Meet Sarah Hilary Author of Fragile

Switching from writing a popular crime series to a standalone crime thriller is a big step for an author to make and one which this week's Thriller Women interviewee, Sarah Hilary, has done brilliantly with Fragile

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Find out which 1960s film inspired Fragile's setting, how she created the gothic suspense in the novel and the Japanese author Sarah loves who is giving the late Edgar Allan Poe a run for his money.

Book cover of Fragile by Sarah Hilary

TW: Congratulations on the publication of Fragile! It's your first standalone thriller. What inspired you switch from your popular DI Marnie Rome series and write this story?

SH: Fragile is a story that was living inside my head for a long time, even while I was writing Marnie and Noah. With my sixth book in that series, Never Be Broken, I felt I'd reached a breathing space in Marnie's story, if not the final end to the series. The voices of the characters in Fragile had been getting louder and more insistent, so it was good to let them take centre stage in what I'd always known would be a standalone story.

TW: Nell in the novel is a former foster child with a secret. How did you create the suspense and tense, gothic atmosphere in Fragile?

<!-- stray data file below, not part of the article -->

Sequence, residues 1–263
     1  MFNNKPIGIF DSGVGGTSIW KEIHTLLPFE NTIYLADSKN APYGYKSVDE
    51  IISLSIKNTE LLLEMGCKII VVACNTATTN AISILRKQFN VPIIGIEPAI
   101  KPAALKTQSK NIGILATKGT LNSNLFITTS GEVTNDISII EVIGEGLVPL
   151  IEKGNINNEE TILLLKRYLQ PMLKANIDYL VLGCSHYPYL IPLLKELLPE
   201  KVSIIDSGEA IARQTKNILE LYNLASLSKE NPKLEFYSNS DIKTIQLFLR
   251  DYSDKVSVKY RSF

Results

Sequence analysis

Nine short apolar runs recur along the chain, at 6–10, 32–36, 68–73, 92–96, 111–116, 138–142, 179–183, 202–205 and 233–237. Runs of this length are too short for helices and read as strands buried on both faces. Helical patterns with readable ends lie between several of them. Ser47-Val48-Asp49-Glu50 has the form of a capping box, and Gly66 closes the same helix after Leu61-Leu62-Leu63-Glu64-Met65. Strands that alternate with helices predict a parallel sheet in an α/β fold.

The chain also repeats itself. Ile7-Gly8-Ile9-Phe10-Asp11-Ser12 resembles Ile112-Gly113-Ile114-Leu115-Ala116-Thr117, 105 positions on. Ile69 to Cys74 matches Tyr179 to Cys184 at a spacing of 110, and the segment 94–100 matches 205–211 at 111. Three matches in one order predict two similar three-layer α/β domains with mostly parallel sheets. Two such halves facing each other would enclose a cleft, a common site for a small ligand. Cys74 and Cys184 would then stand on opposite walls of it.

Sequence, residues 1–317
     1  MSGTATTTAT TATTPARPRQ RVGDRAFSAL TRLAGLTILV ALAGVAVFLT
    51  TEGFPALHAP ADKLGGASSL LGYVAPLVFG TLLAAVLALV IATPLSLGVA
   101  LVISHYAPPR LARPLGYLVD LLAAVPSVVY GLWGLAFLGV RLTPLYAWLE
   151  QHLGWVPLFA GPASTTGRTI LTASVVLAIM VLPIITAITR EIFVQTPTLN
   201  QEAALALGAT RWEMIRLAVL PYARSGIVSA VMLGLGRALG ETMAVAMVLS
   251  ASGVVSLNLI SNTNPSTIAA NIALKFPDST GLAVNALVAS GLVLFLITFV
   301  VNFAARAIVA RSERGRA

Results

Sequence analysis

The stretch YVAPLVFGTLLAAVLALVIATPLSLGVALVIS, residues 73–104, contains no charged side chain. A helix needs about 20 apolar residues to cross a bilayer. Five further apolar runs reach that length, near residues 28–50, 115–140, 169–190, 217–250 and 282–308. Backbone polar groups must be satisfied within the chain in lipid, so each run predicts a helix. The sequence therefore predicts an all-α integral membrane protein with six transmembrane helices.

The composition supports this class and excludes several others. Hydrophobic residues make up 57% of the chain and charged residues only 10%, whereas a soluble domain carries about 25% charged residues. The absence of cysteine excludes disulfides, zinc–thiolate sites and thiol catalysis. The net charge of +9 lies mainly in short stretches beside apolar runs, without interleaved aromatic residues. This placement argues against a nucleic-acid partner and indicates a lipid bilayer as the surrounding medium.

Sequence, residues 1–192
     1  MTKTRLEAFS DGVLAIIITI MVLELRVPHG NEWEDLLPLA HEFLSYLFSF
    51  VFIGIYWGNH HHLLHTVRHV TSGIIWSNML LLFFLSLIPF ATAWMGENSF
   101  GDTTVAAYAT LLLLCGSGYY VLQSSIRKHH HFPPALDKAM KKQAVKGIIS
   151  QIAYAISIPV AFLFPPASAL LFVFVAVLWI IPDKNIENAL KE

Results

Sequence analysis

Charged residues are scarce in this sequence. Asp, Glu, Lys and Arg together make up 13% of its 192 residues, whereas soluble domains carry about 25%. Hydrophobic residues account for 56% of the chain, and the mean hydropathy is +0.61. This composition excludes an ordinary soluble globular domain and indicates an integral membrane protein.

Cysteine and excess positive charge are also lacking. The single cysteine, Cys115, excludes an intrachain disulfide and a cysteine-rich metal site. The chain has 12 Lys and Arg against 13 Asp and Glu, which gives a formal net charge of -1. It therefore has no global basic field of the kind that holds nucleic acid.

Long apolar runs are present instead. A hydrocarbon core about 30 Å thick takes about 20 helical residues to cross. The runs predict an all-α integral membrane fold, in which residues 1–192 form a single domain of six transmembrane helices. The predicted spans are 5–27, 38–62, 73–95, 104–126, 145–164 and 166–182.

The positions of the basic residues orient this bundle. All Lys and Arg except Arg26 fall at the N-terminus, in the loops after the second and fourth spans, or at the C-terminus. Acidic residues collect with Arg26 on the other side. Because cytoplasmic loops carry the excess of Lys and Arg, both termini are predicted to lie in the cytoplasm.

SH: A lot of it is down to the fact I was writing in the first person for the first time. Nearly everything on the page is filtered through Nell's eyes and, as you say, she's damaged and secretive. She's also very young (only 18) so there is a romanticism to her observations, which lends itself to the gothic feel. Then there are the settings, most especially Starling Villas, which is a strange, narrow old house in modern-day London. A house full of secrets and unexpected dangers, a time capsule of a kind; houses like that always come with ghosts. But it is Nell's longing – and her fear – that gives her strange new home its atmosphere. My influences were Jane Eyre, Rebecca, and The Servant, a 1963 film with Dirk Bogarde. The front door of Starling Villas is modelled on the house from The Servant, with its white plaster wreath and its window of wrinkled glass.

TW: What attracted to you about writing crime thrillers and if you were to write in another genre, what would it be?

SH: I grew up reading crime fiction and thrillers. There's something about the darkness of that world and the absolute, unflinching light which its authors shine on our worst behaviours (and our best) ... Something of the Greek myths, too, in its heroes and villains, and its quests. I've no real desire to write in another genre, although I do have an idea for a Japanese ghost story that I'm working on. I grew up with Edgar Allan Poe, and I was delighted to discover a Japanese author called Edogawa Ranpo (a pen name, chosen because it's how the name 'Edgar Allen Poe' sounds when spoken by a Japanese speaker) whose stories are at least as disturbing and imaginative as Poe's.